Saturday, November 6, 2010

This is Halloween

Halloween has never been my holiday.

I’ve never been one for dressing up or planning a big party. Even getting the kids their costumes was a chore. But living abroad changes things. I’ve realized that Halloween, although a Celtic holiday in origin, is part of my American identity.

The Dutch, being Dutch, do not celebrate Halloween. The closest thing they have is St Martin’s Day. On eve of November 12th each year Dutch children carry lanterns in groups and travel door to door. There they sing songs about St. Martin, a fourth century saint, in return for candy. This has not happened at our house yet, but I’m waiting.

St. Martin's Day in NL
In most of Holland and the surrounding Netherlands, you will not find jack-o-lanterns or spooky decorations. Candy corn is a rare and valued commodity. This is mostly procured by families associated with the American Embassy who have access to the commissary at the US military base in Germany. Lucky sods.

Because I live in a bit of an ex-patriot community, the local shop owners try to cater to American tastes. Last year a tiny costume shop opened in our village. Now, for the first time, it is possible to get cotton spider webs and scary masks without making a special order to England. Even the candy shop now has a limited selection of skeleton licorice and ghost shaped marshmallows.

My children’s school makes Halloween happen here by sheer force of its will. They organize candy donations, petition hundreds of families to open their homes, make a map of participating households, and distribute bags of candy to each open house. Each participating family must be registered on-line and then donate 2 ½ pounds of candy per kid to the school collection site.

Our local cemetary
Expats come in from all over the area to trick-or-treat in our village. The street parking disappears. As evening approaches, hundreds of ghosts, fairies, and witches appear out of nowhere. On some streets, you could lose your children in the crowd. The line at the doors can be 10 children deep. Two families I know kept track of how many children came to their door this year. One family told me they had 420. Another said they stopped counting at 500.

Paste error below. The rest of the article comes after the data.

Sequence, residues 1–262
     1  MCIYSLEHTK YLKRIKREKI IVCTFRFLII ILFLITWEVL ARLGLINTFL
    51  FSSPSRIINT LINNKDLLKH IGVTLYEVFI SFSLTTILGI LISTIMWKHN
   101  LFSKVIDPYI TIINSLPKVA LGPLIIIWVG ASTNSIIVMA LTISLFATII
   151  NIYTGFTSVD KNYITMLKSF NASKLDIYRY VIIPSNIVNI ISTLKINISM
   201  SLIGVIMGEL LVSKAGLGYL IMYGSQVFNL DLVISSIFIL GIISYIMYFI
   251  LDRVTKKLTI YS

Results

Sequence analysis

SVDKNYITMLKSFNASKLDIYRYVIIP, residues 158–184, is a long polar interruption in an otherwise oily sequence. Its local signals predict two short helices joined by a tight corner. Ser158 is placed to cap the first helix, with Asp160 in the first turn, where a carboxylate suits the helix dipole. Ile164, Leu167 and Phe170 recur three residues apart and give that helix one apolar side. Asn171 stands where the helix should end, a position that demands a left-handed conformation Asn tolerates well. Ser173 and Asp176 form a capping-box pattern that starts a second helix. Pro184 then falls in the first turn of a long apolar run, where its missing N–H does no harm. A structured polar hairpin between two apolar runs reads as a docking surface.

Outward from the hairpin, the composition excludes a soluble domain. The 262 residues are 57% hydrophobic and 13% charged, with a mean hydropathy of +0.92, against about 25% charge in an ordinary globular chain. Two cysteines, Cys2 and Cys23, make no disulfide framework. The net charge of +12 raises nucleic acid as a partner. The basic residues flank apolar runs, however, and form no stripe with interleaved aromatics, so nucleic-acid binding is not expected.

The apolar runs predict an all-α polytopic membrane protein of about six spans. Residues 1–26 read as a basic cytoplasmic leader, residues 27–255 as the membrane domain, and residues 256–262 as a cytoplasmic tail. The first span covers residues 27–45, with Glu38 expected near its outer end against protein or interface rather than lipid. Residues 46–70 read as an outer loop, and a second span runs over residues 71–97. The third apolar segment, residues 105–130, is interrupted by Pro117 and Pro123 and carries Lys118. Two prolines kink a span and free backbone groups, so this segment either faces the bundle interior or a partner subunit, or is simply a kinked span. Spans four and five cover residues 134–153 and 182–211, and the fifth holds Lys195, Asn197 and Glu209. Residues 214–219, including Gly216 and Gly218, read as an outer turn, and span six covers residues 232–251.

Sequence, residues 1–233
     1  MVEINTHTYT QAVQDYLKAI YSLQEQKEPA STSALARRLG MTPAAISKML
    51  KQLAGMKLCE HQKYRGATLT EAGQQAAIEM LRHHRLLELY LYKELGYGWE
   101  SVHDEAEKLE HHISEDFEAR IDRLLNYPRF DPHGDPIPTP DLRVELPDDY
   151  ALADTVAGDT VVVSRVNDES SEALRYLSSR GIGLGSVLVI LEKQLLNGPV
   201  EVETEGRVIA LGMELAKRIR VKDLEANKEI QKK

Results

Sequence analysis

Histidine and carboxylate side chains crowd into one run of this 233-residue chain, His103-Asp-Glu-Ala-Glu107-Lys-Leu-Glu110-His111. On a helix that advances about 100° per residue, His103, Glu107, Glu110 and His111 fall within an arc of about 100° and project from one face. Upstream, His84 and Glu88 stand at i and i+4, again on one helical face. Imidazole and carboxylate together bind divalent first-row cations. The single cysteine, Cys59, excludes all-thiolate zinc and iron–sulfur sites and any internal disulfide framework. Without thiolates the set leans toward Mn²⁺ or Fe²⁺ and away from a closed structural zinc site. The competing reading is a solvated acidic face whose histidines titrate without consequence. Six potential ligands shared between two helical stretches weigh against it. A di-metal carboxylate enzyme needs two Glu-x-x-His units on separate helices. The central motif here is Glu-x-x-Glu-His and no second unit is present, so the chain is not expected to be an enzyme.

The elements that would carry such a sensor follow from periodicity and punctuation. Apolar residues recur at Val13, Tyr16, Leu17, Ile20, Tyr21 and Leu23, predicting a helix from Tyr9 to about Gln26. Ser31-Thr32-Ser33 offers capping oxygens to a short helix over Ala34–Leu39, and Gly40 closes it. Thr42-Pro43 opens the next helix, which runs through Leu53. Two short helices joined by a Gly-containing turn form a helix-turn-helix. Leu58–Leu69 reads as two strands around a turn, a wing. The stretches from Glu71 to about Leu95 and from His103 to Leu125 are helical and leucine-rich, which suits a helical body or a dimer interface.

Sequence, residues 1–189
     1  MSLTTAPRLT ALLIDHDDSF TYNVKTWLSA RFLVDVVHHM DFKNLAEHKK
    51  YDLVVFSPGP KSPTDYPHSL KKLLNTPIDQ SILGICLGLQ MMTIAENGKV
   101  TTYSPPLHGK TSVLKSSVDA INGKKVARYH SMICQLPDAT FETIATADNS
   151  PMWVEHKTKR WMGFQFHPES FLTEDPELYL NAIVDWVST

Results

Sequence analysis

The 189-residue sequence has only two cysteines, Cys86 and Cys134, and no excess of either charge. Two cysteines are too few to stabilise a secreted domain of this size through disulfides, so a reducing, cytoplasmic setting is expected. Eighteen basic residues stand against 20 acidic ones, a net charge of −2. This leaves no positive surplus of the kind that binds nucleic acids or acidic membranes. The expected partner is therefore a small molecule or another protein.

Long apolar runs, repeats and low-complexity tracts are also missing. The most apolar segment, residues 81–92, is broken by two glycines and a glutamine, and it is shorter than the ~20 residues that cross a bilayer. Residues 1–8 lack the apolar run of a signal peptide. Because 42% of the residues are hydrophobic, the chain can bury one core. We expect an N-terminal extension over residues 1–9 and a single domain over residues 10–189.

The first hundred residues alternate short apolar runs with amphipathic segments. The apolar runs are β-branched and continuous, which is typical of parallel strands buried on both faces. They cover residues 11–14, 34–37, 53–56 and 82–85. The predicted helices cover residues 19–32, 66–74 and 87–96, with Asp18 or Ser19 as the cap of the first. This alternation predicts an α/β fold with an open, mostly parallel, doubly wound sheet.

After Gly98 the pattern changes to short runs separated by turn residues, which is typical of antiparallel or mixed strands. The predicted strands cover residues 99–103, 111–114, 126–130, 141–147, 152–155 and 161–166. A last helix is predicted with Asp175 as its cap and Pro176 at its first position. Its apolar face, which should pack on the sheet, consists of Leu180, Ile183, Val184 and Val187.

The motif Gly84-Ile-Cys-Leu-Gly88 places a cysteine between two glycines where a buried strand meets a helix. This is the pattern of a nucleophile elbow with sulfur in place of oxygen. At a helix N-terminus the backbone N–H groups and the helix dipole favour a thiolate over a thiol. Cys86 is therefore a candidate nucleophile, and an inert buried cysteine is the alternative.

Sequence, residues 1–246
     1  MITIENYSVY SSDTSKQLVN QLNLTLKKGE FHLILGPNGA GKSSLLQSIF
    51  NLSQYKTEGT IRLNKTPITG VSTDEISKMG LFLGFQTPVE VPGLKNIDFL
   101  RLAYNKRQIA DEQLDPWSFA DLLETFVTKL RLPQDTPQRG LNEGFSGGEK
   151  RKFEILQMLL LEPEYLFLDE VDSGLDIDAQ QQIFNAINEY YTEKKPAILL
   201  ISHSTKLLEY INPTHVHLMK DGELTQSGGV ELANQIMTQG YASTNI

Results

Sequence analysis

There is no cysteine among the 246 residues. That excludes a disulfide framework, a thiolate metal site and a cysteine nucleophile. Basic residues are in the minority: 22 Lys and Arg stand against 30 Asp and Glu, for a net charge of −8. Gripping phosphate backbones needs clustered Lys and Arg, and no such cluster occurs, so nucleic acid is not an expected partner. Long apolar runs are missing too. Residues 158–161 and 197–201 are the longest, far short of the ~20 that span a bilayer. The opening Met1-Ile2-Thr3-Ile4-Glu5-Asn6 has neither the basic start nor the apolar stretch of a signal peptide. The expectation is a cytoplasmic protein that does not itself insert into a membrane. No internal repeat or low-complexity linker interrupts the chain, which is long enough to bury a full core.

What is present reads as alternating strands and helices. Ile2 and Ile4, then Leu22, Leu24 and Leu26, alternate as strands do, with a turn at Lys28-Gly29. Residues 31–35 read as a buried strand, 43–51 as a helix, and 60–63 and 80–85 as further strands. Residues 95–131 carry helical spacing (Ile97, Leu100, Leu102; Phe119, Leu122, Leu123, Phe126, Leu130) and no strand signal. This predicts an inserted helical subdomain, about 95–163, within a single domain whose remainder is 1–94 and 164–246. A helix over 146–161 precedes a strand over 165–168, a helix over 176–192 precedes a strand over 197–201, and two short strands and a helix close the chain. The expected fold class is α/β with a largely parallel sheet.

Although Halloween is not uniquely American, it seems the tradition of the adult Halloween costume party is. My German friend is fascinated by the psychological need of adults to create another persona, an alter ego, through costumes. She believes that since Americans do not celebrate Marti Gras or Carnival, they attach their need for an evening in costume to a holiday otherwise reserved for children. Our American need for an alter ego must be very strong here. There were many costume parties and the adults came out in the most amazing array of thoughtful and creative disguises.

This year, we had a wonderful Halloween! Jordan designed her own costume. She and I spend a few afternoons making child sized butterfly wings out of discarded cardboard and construction paper. Audrey spent a happy hours in our dress-up box choosing items for her princess costume, only to change her mind a the last minute and dress as a ballerina.

Walt and our lovely hostess in costume

For the first time in years, Walt and I went to a costume party in costume. We spent the week before Halloween planning and ordering accessories. Walt even bought face paint and started viewing tutorials on about applying makeup.

It has become meaningful to me to decorate with pumpkins and jack-o-lanterns, to give time and thought to costumes, and most importantly to participate. There was something so comforting about celebrating this holiday. More than Thanksgiving or Fourth of July, this holiday has come to mean home to me. And I am so proud to share it.

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